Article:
The Green Shed Canberra: Strange things found at the rubbish tip shop

Environment Friendly Living

CHARLIE Bigg-Wither remembers the day his colleague discovered a dead body on Canberra’s West Belconnen rubbish tip back in late September 1992.

The tip worker initially “thought it was a mask,” Charlie explains, and only realised she was dealing with human remains when “she tried to pick it up.”

The body was found in the landfill section of the tip and wasn’t in good shape.

“I think it had actually been run over by the compactor at the time. It had already been dumped and bulldozed and squashed,” Charlie recalls.

Chinese national, Zhou Zhong, 24, had been living in Australia as a student for just over two years before he was stabbed to death.

The coroner issued warrants for the arrest of a man and woman in relation to the crime but the pair had returned to China. No arrests have ever been made and the case was never solved.

While Charlie says that’s the only time he recalls a body being found, tip workers continually come across “all sorts of weird and wonderful things.”

He reels off a list that includes jewellery, guns, rocket launchers, helicopters propellers, knives, ammunition, bones, people’s ashes, money and drugs.

On the day live German hand grenades from World War II were found, “we had to call a bomb squad to take them away,” Charlie says.

“We have a good working relationship with the police,” he adds with a wry smile.

Canberra’s Mugga Lane tip — where all manner of treasures and horrors have been found.

In one capacity or another, Charlie and his wife, Sandie Parkes, have been working on Canberra’s tips for 25 years.

Even though the pair met through Charlie’s sister, Sandie jokes that their relationship “was romance on the tip.”

To mark the rubbish dump’s significance in their lives, Sandie and Charlie even named their first jointly owned cat “Tip Face.”

Back in the late 1980s, the salvaging business at Canberra’s two tips was called “Revolve.” The organisation was staffed by passionate, eccentric people and has since become the stuff of urban legend.

By way of example, Charlie tells me about the day there were US bank notes flying all over the tip in the wind. A worker dutifully “kept walking around and picking them all up,” he says. The collected currency added up to more than $US3,500.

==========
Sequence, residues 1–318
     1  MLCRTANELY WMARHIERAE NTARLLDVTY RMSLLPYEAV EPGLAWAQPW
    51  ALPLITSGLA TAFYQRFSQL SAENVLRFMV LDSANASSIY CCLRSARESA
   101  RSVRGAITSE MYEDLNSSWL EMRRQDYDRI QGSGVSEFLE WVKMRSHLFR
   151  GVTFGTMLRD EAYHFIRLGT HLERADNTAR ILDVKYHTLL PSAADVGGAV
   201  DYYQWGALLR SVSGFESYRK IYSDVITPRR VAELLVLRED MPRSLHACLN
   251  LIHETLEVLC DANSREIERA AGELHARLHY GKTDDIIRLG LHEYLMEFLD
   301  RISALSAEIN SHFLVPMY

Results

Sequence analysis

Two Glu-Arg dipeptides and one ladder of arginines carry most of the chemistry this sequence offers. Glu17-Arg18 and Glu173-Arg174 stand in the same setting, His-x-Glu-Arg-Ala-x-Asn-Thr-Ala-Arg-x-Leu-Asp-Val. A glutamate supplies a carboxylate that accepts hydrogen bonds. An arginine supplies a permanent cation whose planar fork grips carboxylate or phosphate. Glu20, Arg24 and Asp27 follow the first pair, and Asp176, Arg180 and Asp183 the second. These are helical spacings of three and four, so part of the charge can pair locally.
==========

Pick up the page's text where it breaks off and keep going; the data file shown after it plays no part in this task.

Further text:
“People throw money out, quite often on a daily basis,” Charlie says, explaining that this may be a few coins here or there or “little stashes of notes” such as the $1,300 that was hidden in a discarded fruit juicer.

“We go out of our way to return lost treasures like money or jewellery or war medals,” Sandie says.

A piece of trench art found at the tip. It’s thought to be a home made cigarette lighter fashioned out of bullets from World War One. It’s also a little piece of Digger humour, because it’s a lighter made to look like a matchbook. Picture: Richard Tuffin.

The story of the bank notes reminds Charlie of another incident involving a safe.

“Someone was moving house and they brought us their safe, dropped it off to us, we just put it out on the shelf to sell, and because it was locked no one bought it.

“Two or three weeks later the guy came back in a panic, and it was still sitting on the shelf [and] still had all the family jewels in it. He was a very lucky man!” Charlie laughs.

Sandie recalls the time she was working on face of the tip and came across a liquid-filled jar with a heart in it.

“It was actually labelled ‘Human Heart’,” she says, and “just looked like a jar from a science lab or something.”

That was a long time ago and she can’t recall what happened to it.

These days Sandie and Charlie co-own the ACT’s tip shops along with Goran ‘Tiny’ Srejic and Elaine Stanford. The business, now called

The Green Shed

, operates in three different locations, has 54 employees and serves 15,000 customers each week.